The further to the left or the right you move, the more your lens on life distorts.

Thursday, May 07, 2015

Imaginary Monsters

In an amusing, and at the same time, insightful article, Heather Wilhelm discusses the Left's concern with the threat of "intersectionality" within some future Mars colony. Specifically, the worry that racism and sexism will infect a Mars colony—never mind that any attempt at traveling to Mars is a decade away or more. Oh, and for those who don't know what "intersectionality" is, it's a feminist concept that in Wilhelm's words is "widely interpreted to document how an individual can be oppressed in multiple layers, thanks to a mix of race, class, gender, and more."

Wilhelm goes on to discuss the Left's obsession with oppression, writing:
Racism or sexism are both, quite obviously, bad things. Unfortunately, the modern left has become so obsessed with the concept of “oppression” in general—or whatever “intersectional” brew is the craze of the day—that many simply can’t see straight. In the process, they often miss the big picture, fail to discern genuine threats, and even create imaginary monsters along the way.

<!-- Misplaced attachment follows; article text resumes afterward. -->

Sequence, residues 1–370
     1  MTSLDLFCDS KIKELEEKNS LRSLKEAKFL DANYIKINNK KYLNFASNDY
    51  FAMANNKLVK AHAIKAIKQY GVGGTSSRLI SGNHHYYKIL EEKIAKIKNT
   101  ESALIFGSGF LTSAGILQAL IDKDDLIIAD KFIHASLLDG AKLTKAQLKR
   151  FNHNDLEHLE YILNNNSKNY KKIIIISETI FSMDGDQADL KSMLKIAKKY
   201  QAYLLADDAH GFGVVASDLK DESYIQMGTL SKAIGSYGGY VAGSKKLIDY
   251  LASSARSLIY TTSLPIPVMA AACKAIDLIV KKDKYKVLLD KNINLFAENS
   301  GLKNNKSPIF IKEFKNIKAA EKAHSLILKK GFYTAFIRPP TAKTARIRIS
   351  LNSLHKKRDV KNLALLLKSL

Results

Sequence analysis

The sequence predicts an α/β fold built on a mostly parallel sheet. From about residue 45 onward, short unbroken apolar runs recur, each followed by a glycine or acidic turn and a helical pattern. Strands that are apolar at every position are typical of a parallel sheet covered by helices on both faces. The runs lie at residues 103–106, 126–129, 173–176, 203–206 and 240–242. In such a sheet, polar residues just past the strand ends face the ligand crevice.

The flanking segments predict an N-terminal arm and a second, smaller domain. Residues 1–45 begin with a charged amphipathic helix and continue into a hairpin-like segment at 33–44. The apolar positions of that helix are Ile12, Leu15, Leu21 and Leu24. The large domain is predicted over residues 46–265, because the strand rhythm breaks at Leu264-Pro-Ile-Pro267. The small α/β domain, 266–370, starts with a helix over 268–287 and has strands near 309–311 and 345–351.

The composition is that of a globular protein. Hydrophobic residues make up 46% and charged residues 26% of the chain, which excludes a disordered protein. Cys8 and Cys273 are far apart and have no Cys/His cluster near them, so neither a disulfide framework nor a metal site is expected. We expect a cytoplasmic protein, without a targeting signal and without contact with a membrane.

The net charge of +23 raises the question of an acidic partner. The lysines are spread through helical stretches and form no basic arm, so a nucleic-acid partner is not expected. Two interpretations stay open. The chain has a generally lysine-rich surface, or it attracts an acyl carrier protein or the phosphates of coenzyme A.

If our culture’s oppression obsession were limited to wacky Guardian articles or the far corners of academia, we could all have a good chortle and move on. Sadly, that’s not the case. Take, for instance, this week’s events in Garland, Texas, where a “draw Mohammed” contest inspired the creation of a whole building full of religiously offensive cartoons—which, in turn, was enough to inspire two Islamic men to attempt a mass shooting at the scene.

Amazingly, in the wake of an attempted terrorist attack on American soil, countless pundits and politicians rushed to condemn, first and foremost, not the would-be murderers, but the cartoons—and, by extension, the people who drew them. In a free society, the implications of this are fairly stunning. But when you think about it in terms with our growing cultural fixations and fears, it sort of makes sense. After all, is there a better metaphor for an oppression-based imaginary monster than an “incendiary,” “offensive” drawing in pen and ink?
Leftists would correctly rail against the notion that a woman who dresses provocatively is somehow inviting a sexual assault. Yet, in essence, that's the argument they're making by blaming the organizers of the cartoon conference for the violent attack on them. The organizers 'dressed' provocatively (by exercising their free speech rights), so many on the left suggest that they therefore precipitated the assault by Islamic terrorists. Provocative 'dress' may be in poor taste, but it never should be used to justify a violent response.